Mon 7.14.2014

The Challenges of a Bilingual Indie Thriller: How Man From Reno Got Made

Man From Reno Premiere

Filmmaker Dave Boyle’s fifth film, Man From Reno, had its world premiere at the Los Angeles Film Festival in a screening hosted by the Coalition of Asian Pacifics in Entertainment (CAPE). The film is a neo-noir crime thriller that follows a Japanese crime novelist staying in San Francisco who finds herself caught in the middle of a real-life murder mystery. She joins forces with the sheriff investigating it, and the more they discover, the more strange and tangled the case becomes. Boyle co-wrote the screenplay with Joel Clark and Michael Lerman, and they were initially inspired by an article about a few Japanese men who got arrested in Los Angeles for an unusual crime. (I won’t spoil it!)

dirREno“At first I wanted to make a movie where there were two storylines, and there was one that was just like a police procedural, and the other was a more emotional, character-driven story. But then I found this article,” Boyle explained. He said he always intended to write this film as a noir, though that’s a bit of a departure from his earlier films: “I’m a huge mystery buff, started with Encyclopedia Brown… I always wanted to do an Encyclopedia Brown-type movie.”

They shot the film in 25 days. “It was a very difficult shoot. We all barely survived,” joked cinematographer Richard Wong, “honestly, it was nuts. But all worth it.” Despite having very little budget (Boyle turned to Kickstarter for post-production funds; some of the film’s almost 600 backers were at the premiere), the film has a lot of locations and looks very expensive. “The reason it looks so great is because the people around me just really knew what they were doing,” Boyle said. “I’ll always be grateful, because usually a movie of this size is just two people sitting in a room.”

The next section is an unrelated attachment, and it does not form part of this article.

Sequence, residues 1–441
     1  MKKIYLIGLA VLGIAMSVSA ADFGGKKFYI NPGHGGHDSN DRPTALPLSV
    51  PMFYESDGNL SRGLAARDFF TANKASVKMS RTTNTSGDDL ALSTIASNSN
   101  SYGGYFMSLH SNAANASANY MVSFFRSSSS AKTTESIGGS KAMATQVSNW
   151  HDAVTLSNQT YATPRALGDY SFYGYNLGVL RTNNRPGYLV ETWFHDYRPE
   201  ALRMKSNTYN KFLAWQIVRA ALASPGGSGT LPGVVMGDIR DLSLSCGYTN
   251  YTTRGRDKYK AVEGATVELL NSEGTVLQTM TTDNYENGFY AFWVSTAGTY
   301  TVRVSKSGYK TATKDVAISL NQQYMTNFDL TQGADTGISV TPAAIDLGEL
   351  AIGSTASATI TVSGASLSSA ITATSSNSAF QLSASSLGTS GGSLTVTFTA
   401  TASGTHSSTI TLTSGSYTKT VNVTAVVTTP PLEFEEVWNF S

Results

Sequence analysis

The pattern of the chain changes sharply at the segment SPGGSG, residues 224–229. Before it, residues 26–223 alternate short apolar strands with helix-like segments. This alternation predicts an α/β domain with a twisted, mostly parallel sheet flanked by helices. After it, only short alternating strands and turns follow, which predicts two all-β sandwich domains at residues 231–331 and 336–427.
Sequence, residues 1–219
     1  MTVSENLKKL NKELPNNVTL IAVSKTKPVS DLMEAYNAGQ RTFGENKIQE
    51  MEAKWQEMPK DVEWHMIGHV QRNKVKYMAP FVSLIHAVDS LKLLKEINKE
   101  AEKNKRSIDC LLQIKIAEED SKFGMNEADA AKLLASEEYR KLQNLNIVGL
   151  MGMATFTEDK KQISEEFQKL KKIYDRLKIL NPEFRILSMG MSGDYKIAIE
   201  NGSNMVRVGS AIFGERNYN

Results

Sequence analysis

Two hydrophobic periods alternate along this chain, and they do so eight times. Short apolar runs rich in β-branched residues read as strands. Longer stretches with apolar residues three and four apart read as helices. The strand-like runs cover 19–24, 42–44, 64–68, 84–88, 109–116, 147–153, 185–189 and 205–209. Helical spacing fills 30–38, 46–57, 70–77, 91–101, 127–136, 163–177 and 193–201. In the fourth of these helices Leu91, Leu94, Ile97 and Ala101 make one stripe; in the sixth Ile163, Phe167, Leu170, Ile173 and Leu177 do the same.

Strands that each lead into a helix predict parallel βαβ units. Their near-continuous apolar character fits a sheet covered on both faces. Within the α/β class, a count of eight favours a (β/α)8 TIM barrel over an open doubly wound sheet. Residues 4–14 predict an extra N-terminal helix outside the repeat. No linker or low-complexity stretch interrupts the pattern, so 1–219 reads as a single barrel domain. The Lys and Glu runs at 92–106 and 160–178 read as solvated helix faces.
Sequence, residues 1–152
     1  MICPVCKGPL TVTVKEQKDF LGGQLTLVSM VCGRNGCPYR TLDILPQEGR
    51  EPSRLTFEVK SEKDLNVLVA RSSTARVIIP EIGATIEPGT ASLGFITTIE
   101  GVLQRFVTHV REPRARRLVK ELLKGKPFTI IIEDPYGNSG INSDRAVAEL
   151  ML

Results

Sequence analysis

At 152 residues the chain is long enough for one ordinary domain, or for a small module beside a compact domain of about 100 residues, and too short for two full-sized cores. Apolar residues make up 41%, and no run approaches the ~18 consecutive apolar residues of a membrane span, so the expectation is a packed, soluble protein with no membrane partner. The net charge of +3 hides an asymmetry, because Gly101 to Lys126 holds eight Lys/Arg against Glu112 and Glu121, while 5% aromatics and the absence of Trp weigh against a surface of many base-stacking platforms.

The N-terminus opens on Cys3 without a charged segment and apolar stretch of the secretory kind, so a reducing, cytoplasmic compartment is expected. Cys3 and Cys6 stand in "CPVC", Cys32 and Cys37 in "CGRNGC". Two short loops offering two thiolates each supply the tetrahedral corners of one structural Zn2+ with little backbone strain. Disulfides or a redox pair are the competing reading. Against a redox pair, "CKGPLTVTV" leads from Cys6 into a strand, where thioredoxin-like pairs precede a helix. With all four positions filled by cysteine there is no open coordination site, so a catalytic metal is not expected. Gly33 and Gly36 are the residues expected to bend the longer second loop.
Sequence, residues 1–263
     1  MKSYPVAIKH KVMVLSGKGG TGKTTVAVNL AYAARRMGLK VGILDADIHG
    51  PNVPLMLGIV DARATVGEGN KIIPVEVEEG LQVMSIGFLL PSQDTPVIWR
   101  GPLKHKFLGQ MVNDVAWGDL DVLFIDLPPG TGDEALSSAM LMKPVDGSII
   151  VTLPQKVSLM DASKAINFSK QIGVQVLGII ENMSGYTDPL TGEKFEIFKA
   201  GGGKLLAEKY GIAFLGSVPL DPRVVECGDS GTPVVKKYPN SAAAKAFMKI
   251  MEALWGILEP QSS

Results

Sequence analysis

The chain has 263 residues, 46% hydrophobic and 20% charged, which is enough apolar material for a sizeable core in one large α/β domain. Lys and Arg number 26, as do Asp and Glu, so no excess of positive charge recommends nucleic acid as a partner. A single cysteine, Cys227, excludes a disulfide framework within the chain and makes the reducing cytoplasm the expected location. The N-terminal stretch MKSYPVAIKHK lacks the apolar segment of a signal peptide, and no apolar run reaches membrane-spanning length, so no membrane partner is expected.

The film takes place in San Francisco with primarily Japanese characters, and much of it is in Japanese with English subtitles. Boyle, Clark and Lerman wrote the screenplay in English, and then Boyle (who speaks fluent Japanese) and the actors worked out the Japanese dialogue. “As an actor, especially coming from Japan and living in LA, this is one of my dreams come true to be able to speak two languages in one movie. I thought it might be pretty challenging for me, but then we had a lot of rehearsals together. We had a lot of preparation. So when we were shooting, it was actually very natural to me,” said lead actress Ayako Fujitani. “From the standpoint of trying to get the movie made, it does present a lot of challenges, because it’s not the most obvious choice from a commercial standpoint,” Boyle admitted. “But we were really lucky that we found people who liked the idea of seeing two languages in one movie. I like seeing movies that kind of reflect the world that we live in in some ways.”

Veteran character actor Pepe Serna plays the sheriff. He met Boyle about eight years ago, working on Boyle’s debut film together. “In Hollywood, people say all kinds of stuff,” Serna said, “but when I worked with Dave, the first day we worked, he said, ‘I’m going to write a lead for you,’ and I believed him.” He said watching the film “was magic. I just love seeing myself up there so much!”

Mary Sollosi / Festival Blogger